“Here’s My Story: Experiences with Sexual Violence”


Courtesy of Montclair State University

Sexual Assault Awareness Ribbon

Norse Against Sexual Assault and the Center for Ethics and Public Engagement hosted “Here’s My Story: Experiences with Sexual Violence,” a panel in which three individuals shared their experiences with sexual violence on Oct. 16 in the Center for Faith and Life Recital Hall.

Counselor Stu Johnston introduced the three panelists before they spoke. Each shared their experiences with the emotional and physical effects of sexual assault and the skepticism survivors can encounter from friends, family, law enforcement, and others following these assaults. The panelists emphasized the importance of listening to survivors and believing their stories as the most important actions allies can practice to assist with survivors’ healing processes.

NASA member Colin Cosgrove (‘20) says the organization wanted to hold this event because of the success of previous “Here’s My Story” panels. Cosgrove has participated in these events before and believes the panel is a productive way to

create further conversation on the topic of sexual assault at Luther.

“The NASA executive board and I concocted the idea and brought it to the Center for Ethics and Public Engagement as a pitch,” Cosgrove said. “We were the primary contacts from that point on. I participated in a “Here’s My Story” panel for queer identities, and it went exceptionally well. It generated a lot of conversation in ways that I thought would assist the effort to generate healthy conversations regarding sexual assault on campus.”

Counselor Bobbi-Jo Molokken says Counseling Services helped the organizations develop the event in a way that allowed panelists to share their experiences in a trauma- informed manner, which emphasizes physical, psychological, and emotional safety for survivors and their supporters.

“When [NASA] approached us, we had a deeper conversation about what their goals were with this event and what it would look like,” Molokken said. “My role personally has been helping to structure the event and helping to

prepare our panelists so they can share their stories in a trauma-informed way.”

After the panelists spoke, Johnston invited attendees to form small groups to discuss various aspects of sexual violence. Many participants voiced concerns that conversations on sexual assault are often cut short due to the stigma surrounding the topic or joked about due to a culture of toxic masculinity and an unwillingness to consider the consequences of sexual violence.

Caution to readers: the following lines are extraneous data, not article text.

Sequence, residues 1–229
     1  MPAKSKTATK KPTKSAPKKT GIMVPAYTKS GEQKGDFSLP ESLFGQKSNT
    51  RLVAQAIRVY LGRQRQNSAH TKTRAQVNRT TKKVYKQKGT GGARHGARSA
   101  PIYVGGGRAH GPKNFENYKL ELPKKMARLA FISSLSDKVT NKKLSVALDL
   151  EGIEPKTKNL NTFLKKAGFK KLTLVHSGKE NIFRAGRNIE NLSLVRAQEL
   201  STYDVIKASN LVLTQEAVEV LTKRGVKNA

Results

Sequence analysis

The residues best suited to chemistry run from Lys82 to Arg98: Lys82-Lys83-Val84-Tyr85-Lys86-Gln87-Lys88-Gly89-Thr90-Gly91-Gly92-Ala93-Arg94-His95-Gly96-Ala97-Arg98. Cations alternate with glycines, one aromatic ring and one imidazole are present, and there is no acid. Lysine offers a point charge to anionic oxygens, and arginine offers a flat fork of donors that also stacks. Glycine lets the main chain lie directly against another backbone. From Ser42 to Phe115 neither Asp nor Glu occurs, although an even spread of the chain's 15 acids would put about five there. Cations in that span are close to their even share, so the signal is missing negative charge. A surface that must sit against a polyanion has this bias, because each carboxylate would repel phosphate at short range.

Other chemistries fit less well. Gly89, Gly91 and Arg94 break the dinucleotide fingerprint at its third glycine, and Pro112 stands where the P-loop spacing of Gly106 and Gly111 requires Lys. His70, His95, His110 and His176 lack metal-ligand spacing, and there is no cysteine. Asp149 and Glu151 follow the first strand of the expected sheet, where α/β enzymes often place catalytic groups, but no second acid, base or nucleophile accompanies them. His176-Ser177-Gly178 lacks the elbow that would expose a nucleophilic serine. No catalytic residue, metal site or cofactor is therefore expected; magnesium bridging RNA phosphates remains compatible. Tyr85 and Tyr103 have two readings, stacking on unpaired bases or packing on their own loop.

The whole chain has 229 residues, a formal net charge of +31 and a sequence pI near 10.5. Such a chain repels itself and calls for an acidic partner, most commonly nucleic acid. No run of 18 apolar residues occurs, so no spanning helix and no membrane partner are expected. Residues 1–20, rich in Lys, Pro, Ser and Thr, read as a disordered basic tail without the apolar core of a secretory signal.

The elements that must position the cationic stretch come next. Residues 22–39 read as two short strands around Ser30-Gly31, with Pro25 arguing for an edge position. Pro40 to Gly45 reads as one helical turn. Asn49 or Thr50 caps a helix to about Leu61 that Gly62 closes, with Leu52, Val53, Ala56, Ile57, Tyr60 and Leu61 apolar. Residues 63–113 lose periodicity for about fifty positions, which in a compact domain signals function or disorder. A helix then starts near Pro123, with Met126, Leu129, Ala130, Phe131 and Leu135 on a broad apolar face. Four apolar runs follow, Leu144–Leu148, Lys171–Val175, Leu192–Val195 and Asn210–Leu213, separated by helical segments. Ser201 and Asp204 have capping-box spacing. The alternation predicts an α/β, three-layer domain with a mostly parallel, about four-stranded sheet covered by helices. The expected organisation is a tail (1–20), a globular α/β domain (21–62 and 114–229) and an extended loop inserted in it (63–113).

Attendees also spoke about their appreciation for the resources available to victims of sexual assault at Luther. Abbie Grinager (‘20) believes the panel helped dispel the perception that only certain groups are at risk of assault by people they do not know.

“I’ve learned that it can happen to anyone at any time,” Grinager said. “I think there’s a perception that a lot of sexual assaults may come from strangers, but I think in actuality it happens more with people you know.”

Counselor Carol Hagen attended the panel to show her support for her Counseling Service colleagues. Hagen says life after sexual assault is challenging, but recovery is possible for all survivors.

“I believe the panel affirmed that [sexual violence] is very painful,” Hagen said. “It’s life changing, but it doesn’t define people.”

Health Education and Promotion Coordinator Jessica Jepsen-Rupp serves as NASA’s faculty advisor and says the organization wanted to raise further awareness for sexual violence on campus.

“The goals when we were setting up the panel were to increase visibility for survivors on campus, to start these conversations, and to personalize the experiences rather than statistics,” Jepsen-Rupp said.

Students who wish to report a sexual assault can speak to Title IX Coordinator Kasey Nikkel, the Student Life Office, hall directors, resident assistants, and the Campus Safety and Security Office. Those seeking emotional support following an assault can speak to confidential on-campus resources, including campus pastors, licensed mental health counselors, and college nurses and physicians.

However, resources for victims of sexual assault go beyond those provided at Luther. For four years, Jepsen-Rupp was an advocate for Riverview Center, a non-profit organization that serves 14 counties in Iowa. She wants students to be aware of the various support the center provides for survivors in the event they experience sexual or domestic violence of any kind.

“They provide free and confidential services to survivors of sexual violence,” Jepsen-Rupp said. “What that means is that they meet with survivors, and help them navigate the different systems. They help them navigate getting medical care, going through the criminal justice system, navigating the title IX system, and they can help with general resources and getting connected to other services, like financial aid. Other survivors may need to access the immigration system because they were a victim of a crime or trafficking.”

Assistant Director of the CEPE Krista Holland encourages students to propose ideas for future “Here’s My Story” panels like this to generate open conversations about other important topics that impact members of the Luther community. “I think the purpose of any “Here’s My Story” offering is to connect us,” Holland said. “Those who shared were courageous and offered their stories in good faith, hoping to educate and create a starting point for further conversation.”

Anthony Hamer (’21) Photo Bureau
Stephanie Kolden (’22) leads one of the small discussion groups at “Here’s My Story: Experiences with Sexual Violence” panel on Oct. 16.
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